“In researching ways to address the irreversible impact of industrial construction and desalination, we have aimed to bring vernacular architecture into the 21st century, by creating a sustainable material that could recycle industrial waste and reduce the world’s reliance on Portland cement.

“Our work with the National Pavilion UAE has provided us with the resources to experiment with this vision through a collaborative process, enabling us to develop a proof of concept showing that locally-sourced salt-based cement is a viable, scalable alternative.” Rashid and Ahmed bin Shabib said: “As renewable energy, climate change and sustainability become the most urgent cause of our generation, we must turn to the natural world for answers.

“One square metre of sabkha can sequester more carbon than one square metre of rainforest; yet our understanding of them is still in its early stages.

Marina Tabassum art 1  Wetland Lab at Alserkal Avenue, Dubai.

“Through this publication, we demonstrate that the UAE’s sabkha are an essential part of our ecological order and are vital to plant growth, animalmigration and biodiversity. We ask how we can preserve, study and nurture sabkha from both a rural perspective, looking at their geological networks, and an urban one, exploring humans’ rich historic relationships with the sabkha as a natural resource.”

In line with the National Pavilion UAE’s ongoing role as a platform for dialogue and discussion, the pavilion has collaborated with Dubai Future Foundation to present a series of public talks titled “From Liwa to Mars, The Anatomy of Sabkhas”. The series will expand on themes related to Wetland and the sabkhas.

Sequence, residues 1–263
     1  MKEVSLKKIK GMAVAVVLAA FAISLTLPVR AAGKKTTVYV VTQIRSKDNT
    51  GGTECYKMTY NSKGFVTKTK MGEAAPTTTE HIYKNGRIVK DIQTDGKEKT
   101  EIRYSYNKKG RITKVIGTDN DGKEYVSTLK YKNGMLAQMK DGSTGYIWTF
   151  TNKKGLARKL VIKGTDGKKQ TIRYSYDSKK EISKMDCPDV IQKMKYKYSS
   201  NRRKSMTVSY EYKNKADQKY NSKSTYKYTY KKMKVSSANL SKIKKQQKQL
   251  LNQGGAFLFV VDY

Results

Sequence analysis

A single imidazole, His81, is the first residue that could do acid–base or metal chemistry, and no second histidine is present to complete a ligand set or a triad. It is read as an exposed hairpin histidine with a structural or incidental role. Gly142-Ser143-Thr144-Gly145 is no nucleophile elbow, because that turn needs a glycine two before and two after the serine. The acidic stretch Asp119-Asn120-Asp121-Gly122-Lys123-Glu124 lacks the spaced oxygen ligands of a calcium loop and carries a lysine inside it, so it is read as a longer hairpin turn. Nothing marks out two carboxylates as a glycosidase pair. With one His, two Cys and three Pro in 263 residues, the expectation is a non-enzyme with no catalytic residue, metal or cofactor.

The project is scheduled to be presented at the National Pavilion UAE at the 17th International Architecture Exhibition of the Venice Biennale, May 22 – Nov. 21.

The theme of the Architecture Exhibition, ‘How Will We Live Together?’ calls for pavilions to look at architecture’s ability to engage people and communities across increasing social, economic, political and digital divides.

Binbrek said that “as we enter 2021, this year’s Venice Biennale theme – How Will We Live Together? – has never seemed more relevant. While 2020 was a challenging year globally, the UAE’s creative sector has shown inspiring resilience and we have many reasons to be optimistic about this year. “Of course, while preparations are well underway for the Biennale, we are closely monitoring the global situation and the safety of our staff, visitors and community remains the highest priority”. Hinjal Ashok Kumar, a Venice Intern alumni who now works as an Architect and Production Coordinator at Sharjah Art Foundation, has won the Open Call to re-design the UAE Pavilion’s Venice Internship tote bag. Her design illustrates a Nolli Map of Venice with her memorable experiences during her Venice Internship in 2014, and allows the bag to be used as a notepad for future interns to journal their own experiences, favourite spots and notes from their upcoming time in Venice.